Ban ships from using heavy fuel oil in Polar waters, environmental group urges, By James Brewer
A marine transport emergency in the northerly Atlantic has highlighted the difficulty of responding to potential shipping casualties in Arctic waters, the campaign group Pacific Environment has warned.
The group said the incident added weight to its concerns that what it sees as the most pressing issue, the danger of heavy fuel oil spills, is ignored by the Polar Code that looks set to be approved by the International Maritime Organization on November 17 2014.
Campaigners point to the latest mishap in northerly waters: an unmanned barge carrying 950 gallons of diesel fuel broke free in a storm from its tow on October 23 off Prudhoe Bay. The barge, owned by Northern Transportation Corp of Canada, and its tug had been making for Tuktoyaktuk in the Northwest Territories.
The US Coast Guard said it was a time of year when there were limited options for response in the region, as ice developed quickly and few vessels were available to assist.
Kevin Harun, Arctic programme director for Pacific Environment, said that the problems of attending a vessel in distress despite it being close to a major industrial Arctic hub, the Prudhoe Bay oilfield, demonstrated the need for strong shipping regulation in Arctic waters.
San Francisco-based Pacific Environment said that the Arctic Council, which is chaired by Canada until May 2015 when the US will take over the leadership for two years, identified the release of oil as the “most significant threat” to the marine environment in its 2009 assessment of Arctic shipping.
The draft Polar Code aims to cover design, construction, equipment, operations, training, search and rescue and environmental protection relevant to ships operating in waters surrounding the poles.
Pacific Environment has pressed for distillate fuels to be made mandatory for Arctic ship transits. It says that in the event of a spill, lighter fuels would dissipate more quickly than heavy oils, and cause less harm to the environment and the people who depend on marine resources for food. It says that there is precedent for banning heavy fuel oil in sensitive waters including areas near the Antarctic.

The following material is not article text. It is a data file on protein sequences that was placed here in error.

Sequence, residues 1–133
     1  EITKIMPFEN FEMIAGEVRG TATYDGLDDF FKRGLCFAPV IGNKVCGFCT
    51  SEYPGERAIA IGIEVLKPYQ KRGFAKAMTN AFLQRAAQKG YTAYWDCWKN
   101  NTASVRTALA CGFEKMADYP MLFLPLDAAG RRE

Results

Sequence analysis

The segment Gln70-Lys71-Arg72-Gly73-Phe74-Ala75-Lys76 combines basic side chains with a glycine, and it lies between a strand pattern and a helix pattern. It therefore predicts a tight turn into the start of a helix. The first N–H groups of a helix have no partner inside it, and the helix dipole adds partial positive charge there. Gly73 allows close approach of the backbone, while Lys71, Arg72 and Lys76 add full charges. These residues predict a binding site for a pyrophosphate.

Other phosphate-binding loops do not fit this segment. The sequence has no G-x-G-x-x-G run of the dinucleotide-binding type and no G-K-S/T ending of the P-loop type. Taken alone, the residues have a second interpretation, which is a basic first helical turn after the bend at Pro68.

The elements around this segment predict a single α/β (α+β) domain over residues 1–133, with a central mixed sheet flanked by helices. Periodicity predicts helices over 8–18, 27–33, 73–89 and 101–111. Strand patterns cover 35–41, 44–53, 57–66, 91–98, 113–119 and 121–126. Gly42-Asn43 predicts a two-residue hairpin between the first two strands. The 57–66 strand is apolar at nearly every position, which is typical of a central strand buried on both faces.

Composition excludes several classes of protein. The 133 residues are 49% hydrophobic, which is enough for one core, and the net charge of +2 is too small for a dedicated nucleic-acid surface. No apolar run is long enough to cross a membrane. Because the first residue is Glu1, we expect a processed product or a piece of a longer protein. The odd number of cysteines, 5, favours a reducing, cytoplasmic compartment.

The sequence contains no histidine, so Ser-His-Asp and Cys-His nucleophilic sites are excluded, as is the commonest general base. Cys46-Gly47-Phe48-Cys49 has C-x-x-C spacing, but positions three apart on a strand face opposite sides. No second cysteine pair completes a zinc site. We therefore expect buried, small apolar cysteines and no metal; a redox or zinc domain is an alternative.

The environmental group says that among its missions is to encourage the protection of Arctic ecosystems “from the harmful impacts of increased, unregulated shipping in the face of disappearing sea ice.”
Mr Harun said that while his organisation was encouraged by several provisions in the Polar Code, “we are concerned that the risks posed by a spill of heavy fuel oil remain unaddressed.” The barge incident in the Beaufort Sea alarmingly raised the question of how nations would be able to deal with a large ship that went out of control in more remote waters.
Before taking up his current post, Mr Harun was executive director of the Alaska Center for the Environment. He has observer status at the IMO and is one of the few participants representing conservation and Arctic community interests.
Pacific Environment says of its role: “We mentor, train, campaign, build networks, and provide direct financial support to activist leaders and non-governmental organisations to help them protect their communities from environmental and health threats and hold international governments, corporations, and financing institutions accountable for their policies and actions.”
It says that in the Arctic and Alaska “Pacific Environment works with indigenous communities to protect the region from the environmental impacts of offshore oil and gas extraction, increased and under-regulated shipping, and short term climate forcers such as black carbon emissions.”
In an article for Nunatsiaq News Online, Paul Crowley, director of the World Wildlife Fund’s Canadian Arctic Program for Northern Communities and Economies, backed the call for prohibiting heavy fuel oil in the region, and said there should be among other safeguards limits to underwater noise from ships, which could affect the habitat and ability of marine mammals to forage and breed.
The International Chamber of Shipping has said that there is a high level of awareness about the special degree of care required when ships navigate Arctic waters. “But whilst fully recognising the need to provide the highest levels of environmental protection, ICS has sought to ensure that the approach taken by IMO is not fundamentally different to that applied to any other sea area in which special dangers might apply (sea conditions in the North Atlantic, for example, entail parallel levels of operational risk).”